Mark Cervinski:
Well, we noticed that there were a lot of publications over the last few years that have come out, both case reports and studies in which investigators have spiked in biotin into different samples. And given that there were so many different areas of publication, we felt that one of the best ways to serve our laboratory community would be to take all these different resources and pool them into one document that can become a de facto reference document for the laboratory community.

Randye Kaye:
Can you briefly describe some of the major findings from the report?

Mark Cervinski:
Sure. So, one of the things about this report is that since it is effectively a guidance document, there wasn’t a lot of new fact-finding here. But we were able to summarize into a cohesive message in this report are some recommendations that the laboratory can use to mediate or manage this biotin-mediated interference. So, one, thankfully, biotin is a water-soluble vitamin that’s quickly cleared from our bodies. It has a half-life of about two hours. So, even if someone were taking a larger dose of over-the-counter strength biotin, which is anywhere between 5 and 10 mg a day, waiting for as little as 8 hours is enough time to let all that excess biotin be flushed from the body. Now, if the patient’s been taking a higher dose such as those that may be seen in patients who are being treated for multiple sclerosis, it may take up to 72 hours for the biotin to reach a low enough concentration to avoid some of this interference.

Randye Kaye:
Well, how often do patients present with biotin in the concentration range that may result in interference?

Mark Cervinski:
Yeah. That’s a great question. And really, we don’t have solid data from all across the country and I’m sure the percentages are changing over time as the fad ebbed and waned. But what we know from one study at the Mayo Clinic is that, around 7% of the population that came into the ED, to the emergency department that is, had high enough concentrations to produce interference in some tests. Now, the concentration needed to interfere with one test versus another test on the same manufacturer’s platform versus different manufacturers can vary but at a threshold that they predetermined, it was about 7% of the population.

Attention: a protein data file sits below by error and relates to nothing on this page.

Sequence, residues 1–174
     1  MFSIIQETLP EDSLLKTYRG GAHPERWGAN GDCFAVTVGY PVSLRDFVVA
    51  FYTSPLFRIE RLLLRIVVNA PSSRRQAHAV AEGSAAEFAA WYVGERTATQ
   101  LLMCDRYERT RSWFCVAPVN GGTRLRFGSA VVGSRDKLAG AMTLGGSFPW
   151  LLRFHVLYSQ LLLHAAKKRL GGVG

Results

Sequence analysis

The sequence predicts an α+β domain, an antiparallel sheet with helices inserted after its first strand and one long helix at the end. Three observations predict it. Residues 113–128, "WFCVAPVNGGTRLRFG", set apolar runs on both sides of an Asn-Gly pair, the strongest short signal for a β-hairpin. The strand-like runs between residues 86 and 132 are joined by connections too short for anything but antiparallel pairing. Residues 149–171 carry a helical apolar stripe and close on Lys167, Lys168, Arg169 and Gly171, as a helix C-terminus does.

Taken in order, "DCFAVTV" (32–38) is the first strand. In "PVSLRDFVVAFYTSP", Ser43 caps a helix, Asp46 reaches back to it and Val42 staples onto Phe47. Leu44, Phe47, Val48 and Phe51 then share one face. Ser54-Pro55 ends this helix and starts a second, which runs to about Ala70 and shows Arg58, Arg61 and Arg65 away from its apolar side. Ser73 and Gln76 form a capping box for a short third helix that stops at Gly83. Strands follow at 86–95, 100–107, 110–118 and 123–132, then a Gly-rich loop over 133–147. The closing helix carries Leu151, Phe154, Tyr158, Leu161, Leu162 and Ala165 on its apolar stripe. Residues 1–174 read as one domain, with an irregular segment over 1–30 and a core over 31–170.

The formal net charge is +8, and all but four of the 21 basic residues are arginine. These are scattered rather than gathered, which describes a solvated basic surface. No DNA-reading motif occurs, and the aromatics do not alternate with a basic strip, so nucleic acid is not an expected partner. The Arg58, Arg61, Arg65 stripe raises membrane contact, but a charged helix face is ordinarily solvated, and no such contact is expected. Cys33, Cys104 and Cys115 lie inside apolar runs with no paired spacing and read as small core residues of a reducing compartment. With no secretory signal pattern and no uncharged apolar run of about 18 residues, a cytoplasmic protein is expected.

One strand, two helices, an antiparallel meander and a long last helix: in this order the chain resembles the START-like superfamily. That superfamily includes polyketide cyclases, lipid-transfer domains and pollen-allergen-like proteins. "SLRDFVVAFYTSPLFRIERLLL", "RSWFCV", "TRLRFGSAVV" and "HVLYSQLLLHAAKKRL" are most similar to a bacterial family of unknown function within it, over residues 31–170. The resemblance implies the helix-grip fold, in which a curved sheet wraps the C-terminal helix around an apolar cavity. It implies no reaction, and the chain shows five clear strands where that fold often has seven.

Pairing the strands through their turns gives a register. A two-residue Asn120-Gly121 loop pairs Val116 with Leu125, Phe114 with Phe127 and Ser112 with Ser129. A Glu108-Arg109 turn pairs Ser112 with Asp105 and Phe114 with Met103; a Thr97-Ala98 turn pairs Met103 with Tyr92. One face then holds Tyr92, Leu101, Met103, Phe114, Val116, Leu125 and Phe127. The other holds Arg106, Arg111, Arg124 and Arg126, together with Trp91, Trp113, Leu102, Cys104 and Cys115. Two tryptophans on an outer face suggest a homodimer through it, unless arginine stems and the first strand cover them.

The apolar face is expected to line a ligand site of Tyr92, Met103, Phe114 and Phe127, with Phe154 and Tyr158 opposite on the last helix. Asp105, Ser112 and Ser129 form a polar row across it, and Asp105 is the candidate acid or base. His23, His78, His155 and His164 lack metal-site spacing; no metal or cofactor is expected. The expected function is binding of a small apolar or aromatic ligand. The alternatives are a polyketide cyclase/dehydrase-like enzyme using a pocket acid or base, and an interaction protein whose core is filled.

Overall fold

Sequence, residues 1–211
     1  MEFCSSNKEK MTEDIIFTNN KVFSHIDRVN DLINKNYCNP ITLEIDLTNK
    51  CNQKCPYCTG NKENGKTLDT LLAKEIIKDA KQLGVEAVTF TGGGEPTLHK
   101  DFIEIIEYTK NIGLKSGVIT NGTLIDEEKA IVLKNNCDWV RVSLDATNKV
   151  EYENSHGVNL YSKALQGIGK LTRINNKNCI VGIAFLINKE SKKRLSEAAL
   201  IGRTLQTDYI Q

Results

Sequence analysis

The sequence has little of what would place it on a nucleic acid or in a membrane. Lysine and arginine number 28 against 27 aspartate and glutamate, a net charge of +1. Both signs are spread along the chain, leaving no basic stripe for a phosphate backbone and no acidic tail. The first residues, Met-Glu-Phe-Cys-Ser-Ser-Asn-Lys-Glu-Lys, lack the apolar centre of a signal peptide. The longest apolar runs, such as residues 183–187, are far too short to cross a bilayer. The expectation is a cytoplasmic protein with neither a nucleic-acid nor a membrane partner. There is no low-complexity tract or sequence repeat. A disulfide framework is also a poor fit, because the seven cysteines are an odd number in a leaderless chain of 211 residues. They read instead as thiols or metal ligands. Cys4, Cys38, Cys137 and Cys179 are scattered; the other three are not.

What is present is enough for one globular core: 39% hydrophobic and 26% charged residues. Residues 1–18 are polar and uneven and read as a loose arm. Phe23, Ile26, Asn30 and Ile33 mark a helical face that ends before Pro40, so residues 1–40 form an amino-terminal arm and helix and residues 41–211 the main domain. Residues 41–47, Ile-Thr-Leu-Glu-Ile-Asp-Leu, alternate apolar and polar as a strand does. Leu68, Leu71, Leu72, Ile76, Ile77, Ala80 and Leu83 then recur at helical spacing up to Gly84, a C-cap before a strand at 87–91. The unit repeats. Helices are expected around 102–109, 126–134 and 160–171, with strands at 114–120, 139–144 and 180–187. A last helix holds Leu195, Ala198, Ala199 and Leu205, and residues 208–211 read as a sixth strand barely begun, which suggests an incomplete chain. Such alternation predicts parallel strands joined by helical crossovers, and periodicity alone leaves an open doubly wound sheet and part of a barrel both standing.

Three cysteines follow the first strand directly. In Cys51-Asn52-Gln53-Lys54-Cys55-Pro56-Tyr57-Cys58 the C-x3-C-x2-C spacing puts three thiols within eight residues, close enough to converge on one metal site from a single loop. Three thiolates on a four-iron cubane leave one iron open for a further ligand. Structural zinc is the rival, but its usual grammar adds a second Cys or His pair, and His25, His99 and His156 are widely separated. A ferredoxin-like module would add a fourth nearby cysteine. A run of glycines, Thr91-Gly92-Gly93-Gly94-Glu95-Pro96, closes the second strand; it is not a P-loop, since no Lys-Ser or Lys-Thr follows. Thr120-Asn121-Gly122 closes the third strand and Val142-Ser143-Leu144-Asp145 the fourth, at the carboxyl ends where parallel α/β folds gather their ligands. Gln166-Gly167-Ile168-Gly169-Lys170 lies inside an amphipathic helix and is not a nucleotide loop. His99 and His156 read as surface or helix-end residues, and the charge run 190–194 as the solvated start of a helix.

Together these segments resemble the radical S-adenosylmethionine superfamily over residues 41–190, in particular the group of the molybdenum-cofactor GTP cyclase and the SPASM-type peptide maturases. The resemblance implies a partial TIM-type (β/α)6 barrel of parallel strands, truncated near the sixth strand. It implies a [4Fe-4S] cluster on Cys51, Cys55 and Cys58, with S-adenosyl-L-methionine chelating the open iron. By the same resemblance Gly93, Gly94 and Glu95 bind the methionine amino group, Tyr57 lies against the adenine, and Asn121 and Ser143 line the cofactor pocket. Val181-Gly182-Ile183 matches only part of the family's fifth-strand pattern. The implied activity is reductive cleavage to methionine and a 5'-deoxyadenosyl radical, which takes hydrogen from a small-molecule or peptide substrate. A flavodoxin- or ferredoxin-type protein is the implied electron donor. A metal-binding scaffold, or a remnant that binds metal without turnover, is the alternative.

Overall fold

Randye Kaye:
Wow. So, finally, what recommendations do you have for laboratories who are concerned about the potential for biotin interference with their assays?

Mark Cervinski:
Well, the first thing for the laboratory is to review the test that you have in your menu and see which ones have the potential for being interfered with by higher concentrations of biotin. I also think that it’s really crucial for laboratory professionals to get out of the laboratory and do a little bit of communication about this issue. Speaking from my own experience at my institution here, we are frequent contributors to the endocrine case conference and our endocrine colleagues are certainly some of the biggest users of these immunoassay tests. And more than once, I can say that either I or one of the other clinical chemists here have been called upon to describe biotin-mediated interference to the attendees of that conference.

So, I think that education and communication with clinical providers is key to make people aware of this issue. Now, if you have a sample that you have suspicion for biotin-mediated interference, there are a couple of things that the laboratory can do. One, if you’re fortunate enough to have another method in your building that doesn’t use the biotin-streptavidin pair, you could test that sample on that test or you can send it to another laboratory in your town if they use a method that is not subject to this interference.

And then finally, there are now some third-party reagents on the market that can effectively pull the biotin out of the sample before it is being tested, but of course, it would become cost-prohibitive to pretreat every patient sample before it’s tested. So, the challenge really is trying to figure out which of these samples has biotin-mediated interference. And for us to know that, we really need to have a strong working relationship with our clinical colleagues. They need to be the ones to identify to us that, “hey, you know, these results don’t really match up with what I would expect for this patient. Is there a possibility that there’s an interference with this test?”

Randye Kaye:
Very interesting. So, as always, communication is key. Thank you for joining us today, Dr. Cervinski.

Mark Cervinski:
Oh, thank you very much Randye. It’s been a pleasure.

Randye Kaye:
That was Dr. Mark Cervinski from Dartmouth-Hitchcock Medical Center describing the JALM Special Report, “AACC Guidance Document on Biotin Interference in Laboratory Tests.” Thanks for tuning in to this episode of JALM Talk. See you next time. And don’t forget to submit something for us to talk about.